A review of Marin Gilbert’s Churchill: A Life (1991)
(Rating 4 of 5)
Martin Gilbert’s biography of Sir Winston Churchill is a straightforward account of the life of one of the great (if not the greatest) statesmen in British history. Considering how long British history goes, that is quite a thing to be. His career was long and enduring; it began in the reign of Queen Victoria and ended during the reign of Victoria’s great-great-granddaughter Queen Elizabeth II. During his career he would go from being a conservative to a liberal to a conservative again. In the end he would prove to be just as much a riddle wrapped in an enigma as he proclaimed Russia was.
A commoner of noble blood Winston Churchill was the grandson of the 7th Duke of Marlborough. His father was Lord Randolph Churchill a member of British House of Commons who rose all the way up to Chancellor of the Exchequer, and fell due to his own missteps. Young Churchill would earn a commission in the British Army and fight in India. He would also go to war as a correspondent reporting on the Boer War to the press, while simultaneously getting captured and having an adventurous escape.
|Lord Randolph Churchill, Chancellor of the Exchequer|
|Churchill the solider|
Churchill would enter the Commons as a member of the Conservative Party, his father’s party, but would switch to the Liberals. He would rise through the Liberal ranks holding various offices in Liberal governments. One of his best, although to him distasteful and to the world forgotten, was his work in the Home Office. There he would introduce many reforms most notably of the British prisons.
|new member of the House of Commons|
In the early years of World War I he was in a prime position as First Lord of the Admiralty but during a low point in the war with blame flying he lost his job. So his response is to go and command a regiment in the actual fighting. It is at this and several other moments in the book that I am consistently drawing parallels to the career of President Theodore Roosevelt.
The one drawback of the book is while it does successfully detail Churchill’s career it negates to bring to life his world. Churchill’s career spans the Victorian Age to the Cold War yet these periods do not come alive for us. When we met other actors from Franklin Roosevelt, Neville Chamberlain, Adolph Hitler, George V, or Joseph Stalin, we see them as Churchill does. Gilbert makes no effort to explain who these people are on their own terms. The author works with the assumption that the reader knows who everyone is. That is fine in regards to President Roosevelt but I knew of very little of Anthony Eden going into this and did not learn anything new about him.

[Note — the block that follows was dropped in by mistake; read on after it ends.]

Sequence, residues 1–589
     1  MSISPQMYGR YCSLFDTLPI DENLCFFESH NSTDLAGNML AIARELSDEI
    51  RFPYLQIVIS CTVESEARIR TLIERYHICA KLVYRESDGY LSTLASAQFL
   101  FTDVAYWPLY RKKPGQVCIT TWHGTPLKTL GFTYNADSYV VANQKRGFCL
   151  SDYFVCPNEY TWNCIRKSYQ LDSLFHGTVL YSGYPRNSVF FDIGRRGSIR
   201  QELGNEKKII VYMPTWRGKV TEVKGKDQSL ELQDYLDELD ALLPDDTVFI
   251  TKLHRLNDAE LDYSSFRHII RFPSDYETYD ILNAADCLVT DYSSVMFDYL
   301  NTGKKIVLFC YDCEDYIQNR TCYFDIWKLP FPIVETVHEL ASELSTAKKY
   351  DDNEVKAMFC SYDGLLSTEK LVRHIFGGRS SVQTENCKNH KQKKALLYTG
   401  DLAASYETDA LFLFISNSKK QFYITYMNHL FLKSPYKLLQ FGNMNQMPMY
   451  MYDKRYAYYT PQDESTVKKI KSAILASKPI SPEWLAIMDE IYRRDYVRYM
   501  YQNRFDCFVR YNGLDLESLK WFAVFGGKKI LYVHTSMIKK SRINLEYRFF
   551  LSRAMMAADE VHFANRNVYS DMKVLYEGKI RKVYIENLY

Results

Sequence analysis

Nevertheless, some things I did take away were the fall of relevancy of David Lloyd George and the disgrace of Stanley Baldwin. After the First World War, Lloyd George was one of the most powerful men in the world by the end of next decade he did not even matter—although he has one more fleeting moment of greatness when Chamberlain falls. It is amazing how a powerful man and party can just disappear. Then there was the case of Baldwin.
|Prime Minister Baldwin more concerned over the King than Hitler|
Stanley Baldwin, although Britain does rearm, the progress is slow and the Prime Minster seems to be more concerned with who the King is marrying then what the Germans are doing. When the King, Edward VIII is determined to marry who he wants, Wallis Simpson, the Prime Minster seeks to drive him from the throne. What might have been considered outright treason Baldwin saw as normal behavior, he gets the King off the throne and retires himself before the coronation of the new King, George VI.
When Baldwin leaves Neville Chamberlain, a prime minister whose legacy is forever linked to the failed policy of appeasement, replaces him. Churchill is brought back into government and before long is running the entire program. In the early days of his premiership Churchill and Britain stood alone, but with Hitler’s blunder in invading the Soviet Union and the Japanese blunder in attacking the United States, Churchill became a member of great triumvirate that would help bring the allies to clear and absolute victory.
|"Peace in out time" That was not true|
As the Prime Minister, Churchill was a hands-on manager. He appointed himself his own minister of defense and simultaneously arranged many face-to-face meetings with his allies, Roosevelt and Stalin, doing his best to build personal relationships that would enable them to work together and defeat the Axis powers.
|war planing with Roosevelt|
After the war the electorate threw out the conservatives (with Churchill) out of power despite Churchill himself being personally popular. He would have to be an observer in the post-war world he had worked so hard to bring about. Churchill would continue to focus on his literary works while leading the opposition. When returned to power in 1950 Churchill would try to use his second premiership to bring a rapprochement between the United States and the Soviet Union. That would end only in disappointment. The career of the man who led his country through war and coined the phrase the ‘Iron Curtin’ while also dreaming of a United States of Europe, would come to a more quite end of resignation and insufficient replacement, as Eden did not last long in power.